In this incubation phase we presented several times to the PM and Dev teams getting buy-off for the vision and assembling a preliminary (POR) Plan of Record. From this we could distill an MVP, a Minimum Viable Product. My definition of MVP is a set of a features that provide enough value to customers to enable success. Some people view an MVP as a negative, but I've always interpreted it as the minimum we would be pleased to ship and see successful. The pragmatism of my design philosophy has always been that the MVP is mutable and changes as reality is introduced. Things like development and shipping schedules, lack of manpower or changes in the marketplace. Another very valid reason for a change in MVP, and it's true power, is testing the design with customers and getting the feedback that initial ideas aren't performing as expected.
Pivoting the MVP
The first cuts came after costing from engineering and services. Several key components of the app would be missing for launch.
- No game collection or aggregated Most Recently Played
- No editorial news and events
- No in-app purchase; app switch would be required
- We would have no global search
- No advanced DVR editing just basic editing
Some of these cuts were painful. Losing basic functions like search, game collections or in-app purchase definitely changed the value prop of the app to it's potential customers. How could we absorb these changes and still provide unique value? The app needed to go from a full-featured steam compete to a new MVP.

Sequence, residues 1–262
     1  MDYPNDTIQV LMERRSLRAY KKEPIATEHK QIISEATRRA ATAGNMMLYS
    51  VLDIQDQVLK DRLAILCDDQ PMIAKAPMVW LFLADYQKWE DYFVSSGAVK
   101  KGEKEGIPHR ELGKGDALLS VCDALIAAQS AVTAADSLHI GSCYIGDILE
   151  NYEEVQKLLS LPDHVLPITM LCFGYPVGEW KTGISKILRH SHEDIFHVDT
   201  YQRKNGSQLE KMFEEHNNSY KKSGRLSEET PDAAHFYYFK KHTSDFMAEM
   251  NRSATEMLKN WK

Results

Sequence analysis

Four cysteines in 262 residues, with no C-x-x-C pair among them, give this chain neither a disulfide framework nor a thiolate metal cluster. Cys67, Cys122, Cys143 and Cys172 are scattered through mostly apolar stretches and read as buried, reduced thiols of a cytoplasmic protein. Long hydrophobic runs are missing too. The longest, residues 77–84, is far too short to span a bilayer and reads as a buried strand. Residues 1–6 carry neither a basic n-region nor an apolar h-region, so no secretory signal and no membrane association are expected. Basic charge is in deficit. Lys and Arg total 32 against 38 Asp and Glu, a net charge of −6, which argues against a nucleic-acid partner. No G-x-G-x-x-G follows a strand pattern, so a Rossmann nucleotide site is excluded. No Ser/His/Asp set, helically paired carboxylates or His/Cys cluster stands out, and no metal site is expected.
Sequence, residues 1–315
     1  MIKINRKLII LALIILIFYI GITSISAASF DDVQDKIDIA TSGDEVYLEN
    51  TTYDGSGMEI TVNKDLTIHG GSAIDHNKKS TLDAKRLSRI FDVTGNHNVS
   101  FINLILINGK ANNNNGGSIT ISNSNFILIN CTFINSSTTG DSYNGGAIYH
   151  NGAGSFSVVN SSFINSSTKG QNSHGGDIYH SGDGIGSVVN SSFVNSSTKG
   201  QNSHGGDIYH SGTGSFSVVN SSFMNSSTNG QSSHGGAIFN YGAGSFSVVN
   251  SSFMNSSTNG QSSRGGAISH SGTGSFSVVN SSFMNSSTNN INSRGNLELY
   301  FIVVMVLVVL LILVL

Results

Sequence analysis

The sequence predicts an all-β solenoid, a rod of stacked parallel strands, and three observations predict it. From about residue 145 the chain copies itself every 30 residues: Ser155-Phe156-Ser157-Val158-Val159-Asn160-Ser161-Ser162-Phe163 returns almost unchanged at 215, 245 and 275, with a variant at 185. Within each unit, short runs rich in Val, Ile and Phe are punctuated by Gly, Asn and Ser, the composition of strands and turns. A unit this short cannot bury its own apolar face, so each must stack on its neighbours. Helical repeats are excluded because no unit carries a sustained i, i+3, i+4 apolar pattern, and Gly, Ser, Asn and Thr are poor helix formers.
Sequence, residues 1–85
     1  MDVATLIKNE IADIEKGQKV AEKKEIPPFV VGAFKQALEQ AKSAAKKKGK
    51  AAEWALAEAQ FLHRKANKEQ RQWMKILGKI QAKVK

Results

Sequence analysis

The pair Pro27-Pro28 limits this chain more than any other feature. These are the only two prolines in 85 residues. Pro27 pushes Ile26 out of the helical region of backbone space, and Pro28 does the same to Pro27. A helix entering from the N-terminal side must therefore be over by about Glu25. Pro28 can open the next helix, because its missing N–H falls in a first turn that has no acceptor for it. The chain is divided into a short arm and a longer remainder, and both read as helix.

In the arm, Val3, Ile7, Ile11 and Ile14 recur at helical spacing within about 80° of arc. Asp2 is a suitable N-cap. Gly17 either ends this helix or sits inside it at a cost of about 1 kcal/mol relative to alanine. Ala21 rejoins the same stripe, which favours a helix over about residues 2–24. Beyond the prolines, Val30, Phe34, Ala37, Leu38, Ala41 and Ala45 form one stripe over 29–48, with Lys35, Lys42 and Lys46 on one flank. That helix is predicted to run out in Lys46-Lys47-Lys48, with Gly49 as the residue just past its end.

We did an inventory of what we still had and it still had unique value but was leaning toward existing Xbox owners more than before. The new MVP was an app focused on Xbox One owners who also PC gamed.
- The Xbox App has all the social features of Xbox One
- The Xbox App lets you stream your content to your PC using the same controller you already own
- Capture, edit and share your PC or Xbox One games anywhere you want
A New Goal
We worked on delivering these great features for the Xbox App. With a small design team we struggled to complete all the work provided for a hard launch date as an in-box Windows 10 app. The list of work to do was extensive.
- Responsive UWA Information Architecture and mental model and page patterns
- Notifications, including integrating with Windows 10 action center
- Persistent friends list with Party module
- Game Bar UX that would drawn on top of Games, a new features that had never been done before
- Sign-in and Sign Up flows that needed to account for new, existing and old users
- Game streaming component and UX
- App scaling and minimized state
The app came together through the hard work of the design team, talented PM's and Engineers and countless other people in time for it's Windows 10 launch. The Xbox App received accolades at Windows 10 launch as an in-box app that was responsive across all windows PC's and tablets. It received specific callouts in press and reviews for being the first truly responsive UWA on Windows new OS.
"The Xbox app also serves as a single hub for all of the games on your computer; it even managed to find Broken Age, which I installed via Steam, and you can manually add games as well. You can also start a party chat with people on your friends list, as well as share clips from your Game DVR library on Xbox Live. Overall, it's simply a much more functional offering than the Windows 8 Xbox app."